Set it up
In Java, we often have framework support for importing settings from the file system of our application. If we’re lucky, and we often are, these settings can be customised and overridden by system properties or environment variables.
However, there are a couple of situations where this doesn’t quite apply:
- Very lightweight applications that use no frameworks
- Loading custom settings based on business logic
Though we can shoe-horn heavier frameworks like Spring into the first, or try to force Spring to process properties for us, often we need a lighter solution.
I recently wrote and released Lightweight Config, an open source package to solve this with either
I’ve demonstrated its use in AWS Lambdas in an article on Baeldung.com.
I thought it might be nice to cover a different use case in this article, notably how it might be used to load settings up in a test.
At The Max
I wrote Lightweight Config from the ground up, but I’ve used its predecessors extensively. Originally, it was a test-helper library. Then I created one for loading settings for lambdas.
At full strength, you’d define a
Then a POJO to load the file into:
Then it’s a one liner to load from the yaml into the
Settings object –
Settings settings = ConfigLoader.loadYmlConfigFromResource("settings.yaml", Settings.class)
There are also some hooks that can be applied to plug in custom tags if necessary.
Reading Per Environment Properties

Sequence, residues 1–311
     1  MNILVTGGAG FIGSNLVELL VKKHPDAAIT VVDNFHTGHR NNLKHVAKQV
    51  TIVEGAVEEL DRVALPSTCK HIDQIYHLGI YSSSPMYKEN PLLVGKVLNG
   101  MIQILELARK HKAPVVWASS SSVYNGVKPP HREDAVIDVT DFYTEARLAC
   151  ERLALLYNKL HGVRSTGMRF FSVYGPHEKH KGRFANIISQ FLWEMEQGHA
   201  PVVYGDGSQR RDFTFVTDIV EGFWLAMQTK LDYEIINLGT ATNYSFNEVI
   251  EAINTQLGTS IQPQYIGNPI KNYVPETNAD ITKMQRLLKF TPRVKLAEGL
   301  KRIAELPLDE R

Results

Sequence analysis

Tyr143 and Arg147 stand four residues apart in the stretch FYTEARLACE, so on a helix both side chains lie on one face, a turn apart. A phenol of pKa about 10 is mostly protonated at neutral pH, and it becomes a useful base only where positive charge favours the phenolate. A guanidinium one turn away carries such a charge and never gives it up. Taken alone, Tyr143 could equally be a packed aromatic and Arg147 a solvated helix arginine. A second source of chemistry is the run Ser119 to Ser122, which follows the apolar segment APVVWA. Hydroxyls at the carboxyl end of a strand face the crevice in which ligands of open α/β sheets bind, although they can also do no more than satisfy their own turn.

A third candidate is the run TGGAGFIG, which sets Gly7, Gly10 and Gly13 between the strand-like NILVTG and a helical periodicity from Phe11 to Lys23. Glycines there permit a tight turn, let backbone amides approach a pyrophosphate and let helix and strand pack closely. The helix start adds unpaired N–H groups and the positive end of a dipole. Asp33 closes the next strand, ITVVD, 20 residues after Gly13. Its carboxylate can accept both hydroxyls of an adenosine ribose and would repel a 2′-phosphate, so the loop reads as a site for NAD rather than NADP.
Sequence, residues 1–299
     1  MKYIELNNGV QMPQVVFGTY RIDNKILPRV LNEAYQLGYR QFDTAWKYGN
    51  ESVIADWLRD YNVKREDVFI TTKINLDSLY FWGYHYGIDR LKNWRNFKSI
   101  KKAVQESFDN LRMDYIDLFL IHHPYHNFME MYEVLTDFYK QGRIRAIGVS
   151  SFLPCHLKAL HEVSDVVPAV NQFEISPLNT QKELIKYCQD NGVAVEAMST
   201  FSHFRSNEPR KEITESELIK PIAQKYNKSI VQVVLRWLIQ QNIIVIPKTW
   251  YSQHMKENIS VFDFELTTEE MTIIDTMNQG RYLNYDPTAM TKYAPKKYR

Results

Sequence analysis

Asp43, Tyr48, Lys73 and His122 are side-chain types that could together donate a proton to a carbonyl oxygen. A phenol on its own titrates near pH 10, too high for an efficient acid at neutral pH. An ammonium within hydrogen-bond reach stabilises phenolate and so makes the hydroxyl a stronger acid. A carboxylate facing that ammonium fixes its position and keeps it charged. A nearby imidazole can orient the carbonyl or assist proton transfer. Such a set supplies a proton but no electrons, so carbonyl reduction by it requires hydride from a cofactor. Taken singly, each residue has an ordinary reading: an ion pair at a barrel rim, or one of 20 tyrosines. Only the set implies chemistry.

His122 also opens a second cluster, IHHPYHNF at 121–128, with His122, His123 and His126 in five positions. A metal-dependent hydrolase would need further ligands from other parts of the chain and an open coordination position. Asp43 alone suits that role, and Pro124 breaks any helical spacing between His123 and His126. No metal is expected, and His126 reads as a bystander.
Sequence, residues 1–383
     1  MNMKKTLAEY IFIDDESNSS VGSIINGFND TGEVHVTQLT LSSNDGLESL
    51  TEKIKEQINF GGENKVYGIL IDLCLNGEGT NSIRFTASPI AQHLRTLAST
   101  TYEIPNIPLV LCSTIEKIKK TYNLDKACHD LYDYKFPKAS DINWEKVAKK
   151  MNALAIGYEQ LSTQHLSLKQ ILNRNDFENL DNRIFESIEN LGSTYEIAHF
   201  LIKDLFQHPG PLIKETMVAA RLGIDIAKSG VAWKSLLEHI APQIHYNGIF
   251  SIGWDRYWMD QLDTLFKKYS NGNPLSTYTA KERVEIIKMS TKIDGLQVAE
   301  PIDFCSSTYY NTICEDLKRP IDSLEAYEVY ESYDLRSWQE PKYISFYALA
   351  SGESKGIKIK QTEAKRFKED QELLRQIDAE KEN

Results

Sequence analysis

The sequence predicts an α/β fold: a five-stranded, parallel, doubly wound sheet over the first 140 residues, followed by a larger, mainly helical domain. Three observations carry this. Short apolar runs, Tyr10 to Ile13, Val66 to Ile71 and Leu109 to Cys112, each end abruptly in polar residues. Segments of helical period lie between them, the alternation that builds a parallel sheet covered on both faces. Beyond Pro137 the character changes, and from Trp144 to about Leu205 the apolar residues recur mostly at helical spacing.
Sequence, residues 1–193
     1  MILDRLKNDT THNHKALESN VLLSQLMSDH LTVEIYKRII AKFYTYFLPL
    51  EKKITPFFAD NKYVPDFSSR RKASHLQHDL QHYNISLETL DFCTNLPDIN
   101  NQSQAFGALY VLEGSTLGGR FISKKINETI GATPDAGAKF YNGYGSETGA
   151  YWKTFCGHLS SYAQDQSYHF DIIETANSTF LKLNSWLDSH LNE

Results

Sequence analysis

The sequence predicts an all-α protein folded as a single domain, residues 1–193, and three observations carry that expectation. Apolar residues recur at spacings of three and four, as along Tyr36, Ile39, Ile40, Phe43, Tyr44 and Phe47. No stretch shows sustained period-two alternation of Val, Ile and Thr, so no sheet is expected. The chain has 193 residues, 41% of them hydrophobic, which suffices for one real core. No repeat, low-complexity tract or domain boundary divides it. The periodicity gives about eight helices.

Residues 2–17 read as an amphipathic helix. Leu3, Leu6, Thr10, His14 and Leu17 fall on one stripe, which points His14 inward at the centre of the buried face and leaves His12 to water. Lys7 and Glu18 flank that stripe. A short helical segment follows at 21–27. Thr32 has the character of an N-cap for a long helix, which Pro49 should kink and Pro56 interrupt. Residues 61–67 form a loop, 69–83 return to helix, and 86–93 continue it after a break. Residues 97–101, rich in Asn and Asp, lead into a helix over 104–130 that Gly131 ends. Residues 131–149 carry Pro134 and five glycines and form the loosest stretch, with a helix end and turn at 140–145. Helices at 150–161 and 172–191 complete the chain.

Let’s flip to an example where we just want some Java
.properties loaded into
Properties. One might argue that the POJO approach gives us a better API, but let’s say we’re using something that’s already bound to
Properties, such as an email client, or DB connection pool.
Here’s a snippet of some settings that relate to dev:
Let’s call this file
Now let’s create a parent file with all the global settings in:
Let’s call this file
app.properties and put it in the same directory as contains the
profiles directory mentioned above.
Now we can load both the above files into a
Properties object by:
What happens in this case is that the various placeholders are filled in from environment variables (or system properties if you prefer). Included in this is the
#import statement, which not only describes how a child file is imported, but allows placeholder interpolation into the path of that file.
So, by setting a different
ENV_NAME environment variable, the same loading code could import a different set of per-environment properties into the whole
Properties object being loaded.
It’s a simple syntax/approach that’s flexible enough to use for a variety of things.
I hope it’s useful.
Published on Java Code Geeks with permission by Ashley Frieze, partner at our JCG program. See the original article here: Set it up
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